Federer fell in four sets to Ukrainian outsider Sergiy Stakhovsky in a closely fought match, marking his earliest exit from Wimbledon since 2002.
The Basel native struggled from the outset against the tall (six foot, four inch) Stakhovsky who played aggressively at the net and was able to match Federer's powerful serves with his own.
The upset result, 6-7,7-6, 7-5,7-6, will raise more questions about the Swiss star's future after a lacklustre year without any major victories.
The loss means the 17-time Grand Slam singles champion will likely drop to fifth from his current third place in the world rankings after Wimbledon ends.
The result also ends Federer's run of 36 consecutive Grand Slam quarter-final appearances, which began at Wimbledon in 2004.
Not everyone is ready to count him out.
"I will not say it was the best performance by Roger because it wasn't but I still think he has one Grand Slam left in him," former Wimbledon champion Goran Ivanisevic told BBC Radio 5.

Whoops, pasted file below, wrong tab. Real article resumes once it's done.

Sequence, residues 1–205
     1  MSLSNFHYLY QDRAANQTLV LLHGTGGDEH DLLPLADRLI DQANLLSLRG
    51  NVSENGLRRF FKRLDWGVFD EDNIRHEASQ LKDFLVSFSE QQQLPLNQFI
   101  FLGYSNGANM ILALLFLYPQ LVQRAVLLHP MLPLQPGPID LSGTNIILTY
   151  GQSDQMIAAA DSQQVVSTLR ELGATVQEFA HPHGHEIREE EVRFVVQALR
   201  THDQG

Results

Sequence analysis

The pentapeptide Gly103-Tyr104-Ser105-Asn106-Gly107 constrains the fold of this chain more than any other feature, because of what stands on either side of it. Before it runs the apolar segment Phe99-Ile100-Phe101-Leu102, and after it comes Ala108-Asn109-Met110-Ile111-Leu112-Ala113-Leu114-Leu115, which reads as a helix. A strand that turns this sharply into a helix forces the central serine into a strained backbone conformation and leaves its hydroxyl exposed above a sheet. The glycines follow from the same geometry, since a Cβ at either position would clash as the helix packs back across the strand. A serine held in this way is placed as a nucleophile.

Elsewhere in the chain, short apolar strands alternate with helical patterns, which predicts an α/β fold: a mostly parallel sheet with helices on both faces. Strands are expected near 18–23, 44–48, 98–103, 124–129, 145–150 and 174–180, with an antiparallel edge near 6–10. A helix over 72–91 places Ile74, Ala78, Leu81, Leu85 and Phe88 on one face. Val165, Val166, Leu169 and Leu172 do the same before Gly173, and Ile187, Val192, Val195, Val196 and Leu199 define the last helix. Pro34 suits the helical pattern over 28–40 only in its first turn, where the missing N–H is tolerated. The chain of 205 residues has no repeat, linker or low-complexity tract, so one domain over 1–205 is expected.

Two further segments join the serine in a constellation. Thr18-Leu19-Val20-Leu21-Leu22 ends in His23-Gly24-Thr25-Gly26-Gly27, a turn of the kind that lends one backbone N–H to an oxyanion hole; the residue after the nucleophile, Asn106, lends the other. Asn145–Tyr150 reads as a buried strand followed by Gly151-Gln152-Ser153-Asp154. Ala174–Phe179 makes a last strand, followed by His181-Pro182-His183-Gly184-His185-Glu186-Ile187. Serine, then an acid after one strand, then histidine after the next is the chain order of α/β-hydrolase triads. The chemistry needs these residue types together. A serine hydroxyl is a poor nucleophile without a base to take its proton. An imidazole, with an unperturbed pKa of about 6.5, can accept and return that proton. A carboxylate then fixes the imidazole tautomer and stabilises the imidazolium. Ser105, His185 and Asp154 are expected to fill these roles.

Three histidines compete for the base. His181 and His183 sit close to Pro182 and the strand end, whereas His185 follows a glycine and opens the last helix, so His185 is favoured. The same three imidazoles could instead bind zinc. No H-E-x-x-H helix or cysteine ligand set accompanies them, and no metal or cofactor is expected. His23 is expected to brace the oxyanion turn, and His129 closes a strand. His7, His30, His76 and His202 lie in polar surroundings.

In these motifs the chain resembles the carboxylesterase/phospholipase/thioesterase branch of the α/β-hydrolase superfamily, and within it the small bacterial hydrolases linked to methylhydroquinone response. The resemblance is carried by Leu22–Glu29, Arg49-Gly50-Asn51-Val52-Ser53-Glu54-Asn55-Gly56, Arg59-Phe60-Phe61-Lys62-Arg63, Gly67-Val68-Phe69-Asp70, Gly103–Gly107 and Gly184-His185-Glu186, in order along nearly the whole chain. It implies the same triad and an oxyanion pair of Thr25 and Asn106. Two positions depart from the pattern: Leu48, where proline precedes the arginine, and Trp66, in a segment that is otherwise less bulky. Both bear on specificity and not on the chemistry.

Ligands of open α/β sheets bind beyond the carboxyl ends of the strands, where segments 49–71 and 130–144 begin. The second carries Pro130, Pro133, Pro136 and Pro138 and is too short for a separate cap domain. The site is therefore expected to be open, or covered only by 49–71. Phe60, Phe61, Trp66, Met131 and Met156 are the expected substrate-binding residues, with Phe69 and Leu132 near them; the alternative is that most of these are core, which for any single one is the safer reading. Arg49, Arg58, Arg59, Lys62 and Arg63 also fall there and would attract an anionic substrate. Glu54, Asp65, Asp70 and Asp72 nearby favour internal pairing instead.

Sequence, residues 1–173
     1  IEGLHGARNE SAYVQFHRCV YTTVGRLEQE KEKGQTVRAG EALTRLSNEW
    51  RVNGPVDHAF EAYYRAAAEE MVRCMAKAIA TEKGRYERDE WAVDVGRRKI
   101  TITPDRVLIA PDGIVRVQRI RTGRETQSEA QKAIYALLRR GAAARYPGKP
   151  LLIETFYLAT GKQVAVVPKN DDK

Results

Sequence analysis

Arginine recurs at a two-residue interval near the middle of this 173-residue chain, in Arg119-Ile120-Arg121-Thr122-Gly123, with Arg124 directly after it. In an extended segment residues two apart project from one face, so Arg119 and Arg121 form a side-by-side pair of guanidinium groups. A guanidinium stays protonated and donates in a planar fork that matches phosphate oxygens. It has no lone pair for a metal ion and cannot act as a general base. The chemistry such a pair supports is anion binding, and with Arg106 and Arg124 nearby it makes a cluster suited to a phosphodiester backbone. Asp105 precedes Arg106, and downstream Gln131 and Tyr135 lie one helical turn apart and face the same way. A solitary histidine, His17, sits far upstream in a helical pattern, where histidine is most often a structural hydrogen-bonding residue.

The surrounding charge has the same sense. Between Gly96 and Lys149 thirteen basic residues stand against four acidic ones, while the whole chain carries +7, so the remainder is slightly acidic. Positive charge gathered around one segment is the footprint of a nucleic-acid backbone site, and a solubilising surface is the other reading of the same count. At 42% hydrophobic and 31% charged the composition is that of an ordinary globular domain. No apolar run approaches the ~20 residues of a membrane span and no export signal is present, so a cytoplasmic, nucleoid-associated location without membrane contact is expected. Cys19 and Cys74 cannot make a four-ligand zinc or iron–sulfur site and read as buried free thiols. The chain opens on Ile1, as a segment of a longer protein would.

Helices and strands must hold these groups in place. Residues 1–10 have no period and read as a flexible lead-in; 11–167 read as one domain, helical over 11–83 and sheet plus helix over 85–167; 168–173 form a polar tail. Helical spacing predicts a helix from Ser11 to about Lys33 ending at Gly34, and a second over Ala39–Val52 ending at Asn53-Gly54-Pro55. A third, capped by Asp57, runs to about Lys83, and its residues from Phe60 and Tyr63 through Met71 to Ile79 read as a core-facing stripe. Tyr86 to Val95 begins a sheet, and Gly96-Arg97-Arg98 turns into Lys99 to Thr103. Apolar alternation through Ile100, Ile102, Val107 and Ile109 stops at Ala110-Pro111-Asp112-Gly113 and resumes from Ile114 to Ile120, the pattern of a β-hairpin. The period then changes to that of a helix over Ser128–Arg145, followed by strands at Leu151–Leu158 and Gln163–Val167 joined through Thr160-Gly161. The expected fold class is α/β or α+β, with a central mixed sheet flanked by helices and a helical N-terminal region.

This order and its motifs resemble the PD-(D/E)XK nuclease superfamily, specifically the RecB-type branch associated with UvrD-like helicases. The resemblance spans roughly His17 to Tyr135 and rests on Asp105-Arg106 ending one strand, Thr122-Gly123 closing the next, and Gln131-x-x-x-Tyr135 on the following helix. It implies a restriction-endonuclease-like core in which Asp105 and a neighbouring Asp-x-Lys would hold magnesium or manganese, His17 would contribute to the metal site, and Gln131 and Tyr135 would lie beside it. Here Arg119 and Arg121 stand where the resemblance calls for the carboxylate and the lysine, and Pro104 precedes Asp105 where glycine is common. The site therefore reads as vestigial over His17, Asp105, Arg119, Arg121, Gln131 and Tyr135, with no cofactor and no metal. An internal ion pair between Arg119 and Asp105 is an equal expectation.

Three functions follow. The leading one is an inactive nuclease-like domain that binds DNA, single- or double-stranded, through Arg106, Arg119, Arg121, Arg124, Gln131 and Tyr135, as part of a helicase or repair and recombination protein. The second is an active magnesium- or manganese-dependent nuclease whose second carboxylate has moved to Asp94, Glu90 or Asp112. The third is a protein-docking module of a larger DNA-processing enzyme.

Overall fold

Federer earned a standing ovation from the crowd at Centre Court.
"It's always a disappointment losing any match around the world, and particularly here," he commented, following the match.
"I've had some great moments here, but also some tougher ones."
Federer credited his opponent "for closing it out under enormous pressure".
Stakhovsky "was better in the more important points today than I was", he said..
"I'm going to accept it and move forward from here — I have no choice."
Stakhovsky was struggling to take in his victory over the 17-time Grand Slam champion.
"I'm still in disbelief that it actually happened," said the 27-year-old, who does not even have a coach.
"I played my best tennis and still it almost wasn't enough."
The win marked the first time that he had ever beaten a top 10 player in 21 attempts.
Federe's exit from the tournament, meanwhile, follows other upset defeats suffered by Rafael Nadal and, on the women's side, Maria Sharapova, in Wimbledon's first few days.